The Unacceptable Face of Capitalism?

  oresome 11:57 16 Dec 2016

Pharmaceutical firm challenged over rise in cost of hydrocortisone tablets from 70p to £88 per tablet, costing NHS tens of millions extra each year.


click here

  bumpkin 15:00 16 Dec 2016

If it is generic and out of patent can it not be bought elsewhere?

  morddwyd 19:53 16 Dec 2016

It's called "market forces".

  Forum Editor 17:44 17 Dec 2016

This is greed, pure and simple.

  morddwyd 18:43 17 Dec 2016

No, it's business, pure and simple.

I have a product and I will sell it to you.

If you don't like my price, go elsewhere.

If there is no elsewhere, then develop and alternative, and pay the cost of doing so.

  Forum Editor 23:29 17 Dec 2016


"No, it's business, pure and simple."

Any company that ramps up the price of a product from 77p to £88 without any justification - and I can see none - when it knows that the NHS has no alternative means of supply is being greedy, pure and simple.

It has absolutely nothing to do with normal business practices. It is illegal in this country to charge an excessive and unfair price for an item that cannot be obtained from another source. The NHS was hardly in a position to 'go elsewhere' when until 2015 there was no 'elsewhere' to go.

Pure greed, as I said.

  morddwyd 07:37 18 Dec 2016

"without any justification "

The justification is market forces. We live in a capitalost society and that means a free market.

We may not like it, but that's the way it is.

If it is illegal the police should take action, or even the EU, of which we are still a fully paid up member.

  bumpkin 10:35 18 Dec 2016

* until 2015 there was no 'elsewhere' to go.*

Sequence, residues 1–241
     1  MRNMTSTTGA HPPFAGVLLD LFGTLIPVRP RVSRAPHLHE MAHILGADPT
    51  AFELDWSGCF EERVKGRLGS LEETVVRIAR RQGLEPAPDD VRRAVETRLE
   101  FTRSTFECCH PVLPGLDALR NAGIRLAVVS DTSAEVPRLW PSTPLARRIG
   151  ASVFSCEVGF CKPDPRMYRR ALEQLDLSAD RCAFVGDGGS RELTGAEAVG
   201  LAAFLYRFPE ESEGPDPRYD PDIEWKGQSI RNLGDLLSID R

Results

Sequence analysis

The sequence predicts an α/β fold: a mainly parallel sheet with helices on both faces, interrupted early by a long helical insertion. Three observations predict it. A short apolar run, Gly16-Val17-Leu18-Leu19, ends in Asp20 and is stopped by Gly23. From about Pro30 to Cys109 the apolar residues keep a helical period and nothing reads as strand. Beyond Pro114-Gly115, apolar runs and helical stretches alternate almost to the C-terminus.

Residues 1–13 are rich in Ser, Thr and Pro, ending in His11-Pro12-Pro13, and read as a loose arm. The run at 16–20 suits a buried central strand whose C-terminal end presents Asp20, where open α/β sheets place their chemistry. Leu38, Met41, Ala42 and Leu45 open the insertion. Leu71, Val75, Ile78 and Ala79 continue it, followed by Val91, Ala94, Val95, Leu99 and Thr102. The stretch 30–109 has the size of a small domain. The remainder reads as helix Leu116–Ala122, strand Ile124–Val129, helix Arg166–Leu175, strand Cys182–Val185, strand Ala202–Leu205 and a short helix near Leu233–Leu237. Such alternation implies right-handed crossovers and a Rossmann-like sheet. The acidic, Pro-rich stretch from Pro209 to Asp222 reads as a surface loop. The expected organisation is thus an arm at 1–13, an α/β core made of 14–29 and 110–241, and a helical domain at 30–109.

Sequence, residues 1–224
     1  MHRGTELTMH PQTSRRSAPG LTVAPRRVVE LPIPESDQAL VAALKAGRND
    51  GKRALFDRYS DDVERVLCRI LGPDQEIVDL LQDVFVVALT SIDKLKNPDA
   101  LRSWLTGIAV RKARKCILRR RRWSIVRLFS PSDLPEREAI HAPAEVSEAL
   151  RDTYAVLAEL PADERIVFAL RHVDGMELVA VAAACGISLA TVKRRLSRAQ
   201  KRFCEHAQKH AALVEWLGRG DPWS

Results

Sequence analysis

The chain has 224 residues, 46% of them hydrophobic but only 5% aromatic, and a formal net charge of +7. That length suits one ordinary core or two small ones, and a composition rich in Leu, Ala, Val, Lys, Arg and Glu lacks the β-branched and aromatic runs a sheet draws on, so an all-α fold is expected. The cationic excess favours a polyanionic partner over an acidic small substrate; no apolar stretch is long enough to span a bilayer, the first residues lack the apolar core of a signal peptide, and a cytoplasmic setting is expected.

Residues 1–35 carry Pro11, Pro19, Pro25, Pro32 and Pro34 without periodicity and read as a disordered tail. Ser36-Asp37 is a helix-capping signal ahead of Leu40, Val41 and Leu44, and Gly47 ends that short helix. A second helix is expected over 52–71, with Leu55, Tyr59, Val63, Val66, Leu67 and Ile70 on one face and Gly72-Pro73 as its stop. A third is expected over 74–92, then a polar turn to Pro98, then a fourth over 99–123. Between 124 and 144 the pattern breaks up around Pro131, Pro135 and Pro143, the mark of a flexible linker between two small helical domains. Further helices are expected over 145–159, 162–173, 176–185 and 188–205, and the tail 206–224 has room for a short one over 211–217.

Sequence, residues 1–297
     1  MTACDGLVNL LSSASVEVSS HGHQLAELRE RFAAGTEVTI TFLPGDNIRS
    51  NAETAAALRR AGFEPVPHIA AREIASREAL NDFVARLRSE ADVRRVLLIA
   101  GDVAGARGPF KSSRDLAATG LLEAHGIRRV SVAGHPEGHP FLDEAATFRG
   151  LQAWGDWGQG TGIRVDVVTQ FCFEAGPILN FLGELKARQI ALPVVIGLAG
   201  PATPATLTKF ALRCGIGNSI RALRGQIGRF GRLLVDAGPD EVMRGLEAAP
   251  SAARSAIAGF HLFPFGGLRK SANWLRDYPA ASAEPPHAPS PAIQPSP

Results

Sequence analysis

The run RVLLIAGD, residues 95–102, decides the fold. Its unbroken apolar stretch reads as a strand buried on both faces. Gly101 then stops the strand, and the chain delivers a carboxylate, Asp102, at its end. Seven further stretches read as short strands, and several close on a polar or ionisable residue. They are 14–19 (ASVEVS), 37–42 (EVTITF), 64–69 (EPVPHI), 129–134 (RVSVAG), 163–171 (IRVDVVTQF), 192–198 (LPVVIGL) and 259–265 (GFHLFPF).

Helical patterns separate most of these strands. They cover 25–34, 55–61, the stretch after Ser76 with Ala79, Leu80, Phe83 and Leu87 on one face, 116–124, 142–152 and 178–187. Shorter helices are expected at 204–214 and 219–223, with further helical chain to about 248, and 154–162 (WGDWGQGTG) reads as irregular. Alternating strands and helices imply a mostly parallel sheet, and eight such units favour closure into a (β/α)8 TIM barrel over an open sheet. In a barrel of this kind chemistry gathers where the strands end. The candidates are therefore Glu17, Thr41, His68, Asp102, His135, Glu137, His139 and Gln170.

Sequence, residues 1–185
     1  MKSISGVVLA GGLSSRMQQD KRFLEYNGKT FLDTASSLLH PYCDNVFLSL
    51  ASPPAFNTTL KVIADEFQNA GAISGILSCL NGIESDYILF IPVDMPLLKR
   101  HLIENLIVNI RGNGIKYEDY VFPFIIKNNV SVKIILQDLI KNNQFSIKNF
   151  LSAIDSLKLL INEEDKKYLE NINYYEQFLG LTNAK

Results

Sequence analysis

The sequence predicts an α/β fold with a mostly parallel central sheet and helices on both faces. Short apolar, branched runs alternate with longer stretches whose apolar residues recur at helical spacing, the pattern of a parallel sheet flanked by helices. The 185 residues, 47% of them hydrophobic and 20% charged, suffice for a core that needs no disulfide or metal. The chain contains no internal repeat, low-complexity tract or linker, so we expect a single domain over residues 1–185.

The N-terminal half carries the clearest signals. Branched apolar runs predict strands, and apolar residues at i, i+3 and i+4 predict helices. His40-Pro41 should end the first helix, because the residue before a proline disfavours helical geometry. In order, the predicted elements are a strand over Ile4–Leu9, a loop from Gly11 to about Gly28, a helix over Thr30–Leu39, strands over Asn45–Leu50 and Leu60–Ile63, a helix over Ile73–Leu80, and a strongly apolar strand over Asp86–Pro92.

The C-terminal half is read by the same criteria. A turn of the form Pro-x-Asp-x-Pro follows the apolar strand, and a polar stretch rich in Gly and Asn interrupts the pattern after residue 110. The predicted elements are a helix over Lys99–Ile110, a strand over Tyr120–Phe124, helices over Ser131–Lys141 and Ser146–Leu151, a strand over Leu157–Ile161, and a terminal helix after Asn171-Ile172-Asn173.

Greed to my mind also. If there now is an "elsewhere" why is that not being pursued. That is business.

  oresome 11:13 18 Dec 2016

Nobody likes to feel they are being ripped off.

If you want to retain customers and get repeat business, this is certainly not the way to go about it.

This company may have got a short term gain, but I hope the NHS has a long term memory when it comes to spending our money.

  bumpkin 11:20 18 Dec 2016

Incentives spring to my suspicious mind.

  Forum Editor 12:37 18 Dec 2016


**"The justification is market forces. We live in a capitalost society and that means a free market. We may not like it, but that's the way it is."**

No, it isn't. A free market doesn't mean freedom to charge whatever you like.

Market forces don't come into this. Market forces mean that as the demand for a commodity rise, so will prices, and conversely prices will fall when demand falls.

In the UK we have the Competition and markets Authority (CMA) which is the regulatory body responsible for enforcing the competition laws. Chapter ll of the Competition Act 1998 makes it illegal for a company to use its dominant position in a market sector to charge excessive prices in order to maximise profit.

These cases are investigated by the CMA, which has the power to levy fines of up to 10% of annual UK turnover for every year that the practice occurred, up to a maximum of three years retrospectively.

Such an investigation is currently ongoing in this case.

This thread is now locked and can not be replied to.

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